Is there anything 'Made in Chicago?'

March 4, 2011 (CHICAGO)

We're taking a look in our own backyard to see what you can get that's made in and around Chicago.

Nabisco's Oreo cookies, Ritz Crackers and Fig Newtons, along with Keebler ice cream cones, Weber barbecue grills and Ford Explorers are all made right here in the Chicago area.

Legendary Lemonheads are among the famous candy brands manufactured in west suburban Forest Park at Ferrera Pan. The 108-year-old company employs nearly 500 people and just opened a second plant in Bellwood creating about 200 more jobs.

"Bellwood right now is about half distribution and half manufacturing," said Ferrera Pan Plant Manager John Conversa. "Our intention I would say over the next five to ten years is to make that whole facility manufacturing and then open a brand new warehouse, obviously local."

University of Illinois at Chicago Professor of Labor and Employment Relations Robert Bruno says there should be a greater push to court companies that will build factories here instead of office buildings.

"For every one manufacturing job you create, you create anywhere from six to nine additional jobs," Bruno said. "You're going to need truckers. You're going to need other service companies to provide the material to go into the primary industry and you're going to need the local hot dog stand."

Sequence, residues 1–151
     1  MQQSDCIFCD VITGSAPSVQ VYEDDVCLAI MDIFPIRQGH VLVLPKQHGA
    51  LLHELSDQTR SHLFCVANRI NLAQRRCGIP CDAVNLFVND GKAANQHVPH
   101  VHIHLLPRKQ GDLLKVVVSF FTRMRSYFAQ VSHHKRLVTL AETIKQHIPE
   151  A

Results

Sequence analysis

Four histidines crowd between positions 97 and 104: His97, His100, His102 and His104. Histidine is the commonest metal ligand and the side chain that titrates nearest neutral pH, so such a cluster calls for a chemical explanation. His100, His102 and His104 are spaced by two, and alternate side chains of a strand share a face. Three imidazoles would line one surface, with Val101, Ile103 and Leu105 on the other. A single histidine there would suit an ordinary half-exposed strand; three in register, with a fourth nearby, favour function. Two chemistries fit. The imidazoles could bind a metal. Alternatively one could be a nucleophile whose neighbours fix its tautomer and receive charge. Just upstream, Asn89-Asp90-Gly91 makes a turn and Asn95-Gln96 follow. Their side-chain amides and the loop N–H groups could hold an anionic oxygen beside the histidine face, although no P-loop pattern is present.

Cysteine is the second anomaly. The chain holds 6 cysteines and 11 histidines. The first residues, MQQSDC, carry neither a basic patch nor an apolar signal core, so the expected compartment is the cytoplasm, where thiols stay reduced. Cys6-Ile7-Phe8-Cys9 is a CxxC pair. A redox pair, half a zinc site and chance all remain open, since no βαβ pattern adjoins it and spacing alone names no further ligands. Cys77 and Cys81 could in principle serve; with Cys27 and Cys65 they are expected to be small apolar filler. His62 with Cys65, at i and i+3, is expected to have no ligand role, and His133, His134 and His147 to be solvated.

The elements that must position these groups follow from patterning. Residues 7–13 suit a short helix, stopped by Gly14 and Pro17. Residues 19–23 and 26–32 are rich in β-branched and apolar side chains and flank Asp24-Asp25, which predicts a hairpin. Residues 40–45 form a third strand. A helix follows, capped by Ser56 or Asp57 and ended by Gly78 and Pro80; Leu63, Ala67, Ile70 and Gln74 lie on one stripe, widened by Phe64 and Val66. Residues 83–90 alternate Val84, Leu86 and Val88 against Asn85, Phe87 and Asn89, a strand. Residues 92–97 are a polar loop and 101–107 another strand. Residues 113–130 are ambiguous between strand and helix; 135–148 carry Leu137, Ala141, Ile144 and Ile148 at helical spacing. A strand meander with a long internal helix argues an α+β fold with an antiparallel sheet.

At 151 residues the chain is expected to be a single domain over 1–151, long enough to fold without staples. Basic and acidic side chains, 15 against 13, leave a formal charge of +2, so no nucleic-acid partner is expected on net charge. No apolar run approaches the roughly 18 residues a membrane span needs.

In the Back-of-the-Yards neighborhood, one of leading brands in African-American hair care supports 19 assembly lines every day.

The products that bear the Luster family name have been made in Chicago and suburban Blue Island for the past 54 years. The company employs about 300 people and says its part of their mission to keep jobs in the community.

"We've proven that we build better products than most of our competitors, but the other thing is that better benefit," said Luster Products President and CEO Jory Luster. "There is an opportunity to employ a son or daughter, a student or someone in this company."

Despite many company's run for the border, both Ferrara Pan and Luster Products say they have no plans to leave the Chicago area.

"With the price of gasoline, the price of fuel that's going up, if you're going to be shipping from Mexico, any labor savings that you might gain, you're going to offset that with fuel charges because you're traveling so far," Conversa said.

"If we begin to purchase products, outsource from China or anywhere else in the world or in the country for that matter, we would dis-employ," Luster said. "We would lose our co-workers and that's not what this business is about."

Experts say new green technology could provide the next wave of job growth in the Chicago's manufacturing industry.

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